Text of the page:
Migratory Big Game Initiative

Mule deer, elk, pronghorn, moose, and bighorn sheep all require room to roam. Protecting migratory pathways helps them all and benefits other species too.

Private lands provide vital pathways

The breathtaking Greater Yellowstone Ecosystem in Wyoming, Montana and Idaho depend on keeping working lands intact and profitable. This is because animals rely on private lands during their annual migrations.

Tracking studies show that elk, mule deer, pronghorn antelope, bighorn sheep and moose weave between public and private land depending on their seasonal habitat needs. Elk, for instance, forage in ranchers’ pastures during the winter, and females often calve in agricultural fields in the spring before moving to neighboring national parks or forests.



Migratory Big Game

The Distance 
Big game species travel 30 to 200 miles twice each year on well-trodden migration routes.

The Landscape 
Private lands comprise 30 percent, or six million acres, of the Greater Yellowstone Ecosystem in Wyoming, Montana and Idaho.

The Food Web
Migratory big game animals underpin a vast food web, supplying food for bears, wolves, ravens, foxes and eagles.

The Hazards 
Fences or roads present obstacles for migrating animals, injuring or killing hundreds of big game species each year.

The Opportunity
WLFW and partners help landowners make fences wildlife-friendly and compensates them for providing migratory habitat.

Migratory Big Game Initiative

In 2022, WLFW launched a pilot program in Wyoming to streamline and stack Farm Bill resources. In 2024, the USDA-NRCS expanded this pilot to include new funding and new geographies in Idaho and Montana. The program rewards landowners who are stewarding pathways for migrating wildlife.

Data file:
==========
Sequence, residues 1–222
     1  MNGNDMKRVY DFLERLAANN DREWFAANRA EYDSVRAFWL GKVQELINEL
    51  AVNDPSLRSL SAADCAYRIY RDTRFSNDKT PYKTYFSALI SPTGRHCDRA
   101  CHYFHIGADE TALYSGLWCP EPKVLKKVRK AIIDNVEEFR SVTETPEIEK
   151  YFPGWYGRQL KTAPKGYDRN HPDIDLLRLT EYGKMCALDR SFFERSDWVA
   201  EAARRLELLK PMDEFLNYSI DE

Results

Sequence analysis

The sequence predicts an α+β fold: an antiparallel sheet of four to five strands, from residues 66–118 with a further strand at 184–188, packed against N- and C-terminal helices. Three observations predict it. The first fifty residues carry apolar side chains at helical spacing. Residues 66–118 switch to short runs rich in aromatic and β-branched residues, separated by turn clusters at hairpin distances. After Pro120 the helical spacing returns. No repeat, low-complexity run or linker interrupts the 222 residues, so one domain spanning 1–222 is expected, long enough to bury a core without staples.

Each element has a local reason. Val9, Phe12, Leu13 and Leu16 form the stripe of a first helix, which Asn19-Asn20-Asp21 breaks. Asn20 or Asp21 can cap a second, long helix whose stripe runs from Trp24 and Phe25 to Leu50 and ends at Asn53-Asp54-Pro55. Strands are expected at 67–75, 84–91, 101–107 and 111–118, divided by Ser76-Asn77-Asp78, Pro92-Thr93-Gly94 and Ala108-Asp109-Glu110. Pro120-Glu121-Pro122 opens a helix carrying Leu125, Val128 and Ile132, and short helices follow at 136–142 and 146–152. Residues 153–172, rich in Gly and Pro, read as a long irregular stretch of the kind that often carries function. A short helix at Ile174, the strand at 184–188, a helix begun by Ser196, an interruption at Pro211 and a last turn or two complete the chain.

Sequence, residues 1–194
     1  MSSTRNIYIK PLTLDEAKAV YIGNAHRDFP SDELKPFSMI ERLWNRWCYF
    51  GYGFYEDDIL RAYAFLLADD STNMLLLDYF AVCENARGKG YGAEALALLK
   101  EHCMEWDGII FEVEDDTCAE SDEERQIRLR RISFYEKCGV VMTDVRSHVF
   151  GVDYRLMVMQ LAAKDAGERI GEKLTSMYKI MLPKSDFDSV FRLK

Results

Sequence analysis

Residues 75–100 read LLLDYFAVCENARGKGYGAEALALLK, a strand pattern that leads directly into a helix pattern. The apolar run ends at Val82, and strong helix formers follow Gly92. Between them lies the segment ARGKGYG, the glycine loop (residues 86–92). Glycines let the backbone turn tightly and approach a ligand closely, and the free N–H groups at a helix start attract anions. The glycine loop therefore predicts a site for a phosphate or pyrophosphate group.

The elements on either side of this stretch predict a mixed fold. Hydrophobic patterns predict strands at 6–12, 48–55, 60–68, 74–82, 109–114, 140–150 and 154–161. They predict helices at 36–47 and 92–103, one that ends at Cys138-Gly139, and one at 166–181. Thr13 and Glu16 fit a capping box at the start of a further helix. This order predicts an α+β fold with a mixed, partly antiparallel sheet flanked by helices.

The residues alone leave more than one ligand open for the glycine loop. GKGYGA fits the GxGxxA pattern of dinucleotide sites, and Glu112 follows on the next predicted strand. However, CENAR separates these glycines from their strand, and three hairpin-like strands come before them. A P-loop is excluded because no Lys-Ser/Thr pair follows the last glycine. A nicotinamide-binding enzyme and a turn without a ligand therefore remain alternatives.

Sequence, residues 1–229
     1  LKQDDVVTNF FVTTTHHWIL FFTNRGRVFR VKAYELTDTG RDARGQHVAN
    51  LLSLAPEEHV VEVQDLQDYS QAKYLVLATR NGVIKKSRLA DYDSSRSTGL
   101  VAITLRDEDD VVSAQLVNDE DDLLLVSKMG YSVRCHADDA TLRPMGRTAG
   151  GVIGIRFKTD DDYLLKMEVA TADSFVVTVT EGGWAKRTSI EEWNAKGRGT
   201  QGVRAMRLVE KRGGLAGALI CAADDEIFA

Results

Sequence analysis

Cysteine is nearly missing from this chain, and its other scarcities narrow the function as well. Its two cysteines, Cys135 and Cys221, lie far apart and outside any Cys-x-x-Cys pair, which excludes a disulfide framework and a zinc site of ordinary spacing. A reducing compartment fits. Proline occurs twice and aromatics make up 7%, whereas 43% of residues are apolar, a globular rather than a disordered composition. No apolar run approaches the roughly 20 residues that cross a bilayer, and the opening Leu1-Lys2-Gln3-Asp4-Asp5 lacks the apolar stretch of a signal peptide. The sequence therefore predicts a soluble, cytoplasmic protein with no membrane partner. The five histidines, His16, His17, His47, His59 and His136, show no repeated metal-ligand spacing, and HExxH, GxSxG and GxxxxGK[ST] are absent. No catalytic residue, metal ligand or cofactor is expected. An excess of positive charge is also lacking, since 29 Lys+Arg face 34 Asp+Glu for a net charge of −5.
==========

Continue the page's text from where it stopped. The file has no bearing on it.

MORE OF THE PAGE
Private rangelands are critical for elk during spring calving season


Mule deer migrate each spring and fall



Rewarding Ranchers

For the first time ever, the Migratory Big Game Initiative allows landowners to stack Farm Bill payments from both the Natural Resources Conservation Service and the Farm Service Agency.

It also offers a new type of incentive for producers: a habitat lease that provides annual payments for landowners who maintain intact rangelands for migrating wildlife.

In 2024, USDA is providing a new package of investments in key conservation programs, which includes funding to support increased staffing capacity and the deployment of streamlined program application processes for agricultural producers and landowners.

Producers in Wyoming, Idaho and Montana will be able to apply for conservation programs offered by USDA’s Natural Resources Conservation Service (NRCS) and Farm Service Agency (FSA).

good for livestock & big game

Practices and Programs

  • Agricultural Land Protection: NRCS is investing additional dollars in Agricultural Conservation Easement Program (ACEP) funding to use towards permanent conservation easements on important habitats within migration corridors. ACEP assists producers who want to protect sensitive landscapes and prime farmlands from conversion to non-compatible land uses such as residential subdivision through establishment of long-term conservation easements. 

  • Restoration, Enhancement, and Management: NRCS is investing additional dollars in Environmental Quality Incentives Program (EQIP) funding to prioritize practices that restore and manage habitats migrating big game need. Some examples include fence conversion, invasive species treatments, aspen regeneration, and wet meadow restoration. EQIP focuses on integrating practices on working lands, such as prescribed grazing systems and cheatgrass control.